Photos of marine creatures
Introduction to Chelonia
Marine reptiles are reptiles which have become secondarily adapted for an aquatic or semi-aquatic life in a marine environment.
The earliest marine reptiles arose in the Permian period during the Paleozoic era. During the Mesozoic era, many groups of reptiles became adapted to life in the seas, including such familiar clades as the ichthyosaurs, plesiosaurs, placodonts, and mosasaurs.
After the mass extinction at the end of the Cretaceous period, marine reptiles were less numerous. Extant marine reptiles include marine iguanas, sea snakes, sea turtles, and some species of crocodiles.
Some marine reptiles, such as ichthyosaurs and mosasaurs, rarely ventured onto land and gave birth in the water. Others, such as sea turtles and saltwater crocodiles, return to shore to lay their eggs. Some marine reptiles also occasionally rest and bask on land.
Paleontology: Marine Life in General
Global Lake Monster Database
Animals are heterotrophs that depend on other organisms for their source of nutrition. All animals have 3 fundamental tasks:
1. To find food.
2. To avoid predators.
3. To reproduce.
Indeed, most animal adaptations are geared toward meeting these goals.
Cetacea - wiki: whales, dolphins and porpoises
This article is about the order Cetacea. For the song by Icelandic singer Björk, see Drawing Restraint 9 (album).
Fossil range: 55–0 Ma PreЄЄOSDCPTJKPgNEarly Eocene - Present
Humpback Whale breaching
Around 88 species; see list of cetaceans or below.
(see text for families)
The order Cetacea (IPA: /sɪˈteɪʃiə/, L. cetus, whale, from Greek) includes whales, dolphins, and porpoises. Cetus is Latin and is used in biological names to mean "whale"; its original meaning, "large sea animal", was more general. It comes from Ancient Greek κῆτος (kētos), meaning "whale" or "any huge fish or sea monster". In Greek mythology the monster Perseus defeated was called Ceto, which is depicted by the constellation of Cetus. Cetology is the branch of marine science associated with the study of cetaceans.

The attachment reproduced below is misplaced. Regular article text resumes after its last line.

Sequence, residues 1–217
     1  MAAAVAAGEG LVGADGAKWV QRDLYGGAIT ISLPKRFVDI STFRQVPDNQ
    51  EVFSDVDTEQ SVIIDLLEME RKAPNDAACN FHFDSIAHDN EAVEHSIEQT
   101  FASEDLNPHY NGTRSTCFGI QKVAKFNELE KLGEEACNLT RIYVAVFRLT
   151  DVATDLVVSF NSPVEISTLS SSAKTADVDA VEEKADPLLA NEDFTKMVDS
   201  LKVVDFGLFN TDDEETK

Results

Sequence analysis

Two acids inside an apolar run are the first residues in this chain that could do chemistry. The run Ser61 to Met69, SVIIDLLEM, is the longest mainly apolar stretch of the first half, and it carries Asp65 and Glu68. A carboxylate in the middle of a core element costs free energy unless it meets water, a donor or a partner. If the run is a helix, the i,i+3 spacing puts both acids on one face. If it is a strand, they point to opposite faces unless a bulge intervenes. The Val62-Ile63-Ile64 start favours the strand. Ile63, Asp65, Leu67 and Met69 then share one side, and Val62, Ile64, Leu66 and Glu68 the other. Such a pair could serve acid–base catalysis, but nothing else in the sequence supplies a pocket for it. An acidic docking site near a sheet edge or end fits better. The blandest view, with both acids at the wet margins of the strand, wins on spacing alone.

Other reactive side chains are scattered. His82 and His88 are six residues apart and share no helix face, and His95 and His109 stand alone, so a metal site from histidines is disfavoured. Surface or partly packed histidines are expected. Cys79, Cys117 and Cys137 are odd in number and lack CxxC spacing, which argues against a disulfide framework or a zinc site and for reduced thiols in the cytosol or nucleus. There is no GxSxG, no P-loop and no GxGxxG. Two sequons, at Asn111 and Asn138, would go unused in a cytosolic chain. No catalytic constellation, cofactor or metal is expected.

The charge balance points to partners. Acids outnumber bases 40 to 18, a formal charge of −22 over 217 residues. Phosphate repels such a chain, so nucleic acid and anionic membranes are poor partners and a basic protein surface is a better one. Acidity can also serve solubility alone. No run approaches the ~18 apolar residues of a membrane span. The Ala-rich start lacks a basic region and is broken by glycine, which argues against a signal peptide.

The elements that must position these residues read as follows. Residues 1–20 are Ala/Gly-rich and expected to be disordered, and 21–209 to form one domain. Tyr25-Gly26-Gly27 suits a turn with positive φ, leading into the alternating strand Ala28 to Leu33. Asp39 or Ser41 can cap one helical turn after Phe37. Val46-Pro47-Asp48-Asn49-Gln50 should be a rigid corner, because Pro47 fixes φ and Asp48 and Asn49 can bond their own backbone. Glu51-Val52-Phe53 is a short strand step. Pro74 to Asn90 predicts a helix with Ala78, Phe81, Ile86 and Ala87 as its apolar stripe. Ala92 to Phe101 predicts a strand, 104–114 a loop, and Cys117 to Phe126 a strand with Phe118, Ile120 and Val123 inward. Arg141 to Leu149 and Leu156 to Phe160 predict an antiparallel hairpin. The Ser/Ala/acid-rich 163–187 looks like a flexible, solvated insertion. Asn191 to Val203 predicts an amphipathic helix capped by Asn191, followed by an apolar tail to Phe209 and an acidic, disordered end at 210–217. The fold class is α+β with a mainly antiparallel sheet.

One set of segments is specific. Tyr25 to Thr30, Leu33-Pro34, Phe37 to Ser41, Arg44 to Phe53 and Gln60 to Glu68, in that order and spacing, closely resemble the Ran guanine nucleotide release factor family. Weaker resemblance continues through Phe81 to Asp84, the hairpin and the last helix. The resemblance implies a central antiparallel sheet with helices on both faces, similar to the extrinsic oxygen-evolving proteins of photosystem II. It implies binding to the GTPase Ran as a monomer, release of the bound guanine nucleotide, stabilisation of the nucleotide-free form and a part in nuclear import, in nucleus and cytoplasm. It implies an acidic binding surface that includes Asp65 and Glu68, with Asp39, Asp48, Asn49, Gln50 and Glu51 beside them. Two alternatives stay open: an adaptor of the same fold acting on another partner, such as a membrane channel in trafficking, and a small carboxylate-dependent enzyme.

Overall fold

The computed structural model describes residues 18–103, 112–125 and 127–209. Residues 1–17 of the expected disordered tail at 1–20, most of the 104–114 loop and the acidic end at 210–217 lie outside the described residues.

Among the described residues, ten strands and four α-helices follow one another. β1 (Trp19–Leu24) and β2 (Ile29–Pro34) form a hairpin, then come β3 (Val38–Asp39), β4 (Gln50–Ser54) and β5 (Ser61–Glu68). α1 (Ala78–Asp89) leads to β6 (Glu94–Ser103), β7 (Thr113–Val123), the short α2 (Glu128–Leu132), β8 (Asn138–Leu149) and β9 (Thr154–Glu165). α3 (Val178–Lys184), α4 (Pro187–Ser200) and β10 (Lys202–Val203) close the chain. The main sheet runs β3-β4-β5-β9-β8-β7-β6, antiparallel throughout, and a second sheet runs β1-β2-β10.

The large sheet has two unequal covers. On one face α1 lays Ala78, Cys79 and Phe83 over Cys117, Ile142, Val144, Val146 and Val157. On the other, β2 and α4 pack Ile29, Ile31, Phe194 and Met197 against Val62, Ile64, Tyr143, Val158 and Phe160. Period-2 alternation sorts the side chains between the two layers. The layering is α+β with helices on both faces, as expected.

Cetaceans are the mammals best adapted to aquatic life. Their body is fusiform (spindle-shaped). The forelimbs are modified into flippers. The tiny hindlimbs are vestigial; they do not attach to the backbone and are hidden within the body. The tail has horizontal flukes. Cetaceans are nearly hairless, and are insulated by a thick layer of blubber. As a group, they are noted for their high intelligence
Sirenia: Sirenia is an order of fully aquatic, herbivorous mammals that inhabit rivers, estuaries, coastal marine waters, swamps, and marine wetlands. The order evolved during the Eocene epoch, more than 50 million years ago. Sirenians, including manatees and the dugong, have major aquatic adaptations: forelimbs have modified into arms used for steering, the tail has modified into a paddle used for propulsion, and the hind limbs (legs) are but two small remnant bones floating deep in the muscle. They appear fat, but are fusiform, hydrodynamic, and highly muscular. Their skulls are highly modified for taking breaths of air at the water''s surface and dentition is greatly reduced. The skeletal bones of both the manatee and dugong are very dense which helps to neutralize the buoyancy of their blubber. The manatee appears to have an almost unlimited ability to produce new teeth as the anterior teeth wear down. They have only two teats, located under their forelimbs, similar to elephants. The elephants are thought as the closest living relative of the sirenians
The order Sirena
Marine and Coastal Systems